Indigenous People, Guardians of Threatened Forests in Brazil
This is also dividing his people, with some of its members “co-opted” by loggers and “garimpeiros” to facilitate the illegal exploitation of natural resources, Suruí lamented.
The special rapporteur speaks
Indigenous peoples will be among the main victims of climate change, although their way of life practically does not contribute to the environmental crisis, but rather to solutions, according to the United Nations special rapporteur on the Rights of Indigenous Peoples, Victoria Tauli-Corpuz.
In addition to the fact that many of them live in localities subject to extreme weather events, some projects pointed out as solutions, because they reduce emissions of greenhouse gases, directly affect indigenous life, as is the case of biofuels and hydroelectric power plants, which impact their territories.
In her reports and presentations, Tauli-Corpuz repeatedly calls for compliance with the United Nations Declaration on the Rights of Indigenous Peoples and International Labour Organization Convention N° 169, to give indigenous people greater participation in decisions that affect them, such as climate change mitigation and adaptation measures.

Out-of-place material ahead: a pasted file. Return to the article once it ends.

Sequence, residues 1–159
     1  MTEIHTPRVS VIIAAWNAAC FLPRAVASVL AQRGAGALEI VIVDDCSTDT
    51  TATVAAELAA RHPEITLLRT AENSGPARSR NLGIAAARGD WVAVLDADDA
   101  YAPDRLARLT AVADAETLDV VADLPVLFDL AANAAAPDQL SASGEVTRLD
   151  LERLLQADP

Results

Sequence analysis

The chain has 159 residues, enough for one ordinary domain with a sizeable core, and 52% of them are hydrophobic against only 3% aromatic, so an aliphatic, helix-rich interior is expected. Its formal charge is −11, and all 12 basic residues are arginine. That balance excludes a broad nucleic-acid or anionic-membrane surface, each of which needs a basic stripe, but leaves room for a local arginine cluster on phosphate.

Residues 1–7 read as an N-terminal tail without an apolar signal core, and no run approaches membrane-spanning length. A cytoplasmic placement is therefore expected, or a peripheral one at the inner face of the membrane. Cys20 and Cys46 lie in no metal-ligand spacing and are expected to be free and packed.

“It is in fact what divided the Suruí people, some of their leaders were involved in the theft of timber with the support of Funai,” said Ivaneide Bandeira, project coordinator of the Kanindé Association for Ethno-Environmental Defence, a non-governmental organisation based in Porto Velho, capital of the northwestern state of Rondônia.
“And the Uru-ue-wau-wau people are facing an even worse situation,” she told IPS.
They are a small community, which has shrunk as a result of massacres and epidemics brought by the invaders in the last four decades, and is now suffering the invasion of thousands of farmers trying to illegally take possession of lands in the reserve west of the Suruís, in Rondônia.
“In Brazil, the TI’s play an important role in curbing the advance of deforestation and in preserving biodiversity, complementing the National Conservation Unit System,” philosopher Marcio Santilli, founder of the ISA, where he coordinates the Politics and Law programme, told IPS.
But some of these lands in the Amazon suffer greater deforestation, given “the intensity of the nearby territorial occupation, the execution of major works, the presence of roads, agricultural expansion fronts and mining or logging activity,” said Santilli, who presided over Funai in 1995-1996.
“That generates an unfavourable correlation of forces”, which exceeds “the capacity of organisation and territorial control of the indigenous people to discourage and even repel invasions,” he explained.
“Targeted actions on some 10 especially affected TI’s, with efficient inspections by government oversight bodies, would reduce deforestation, he suggested. In Brazil there are currently 462 TI’s.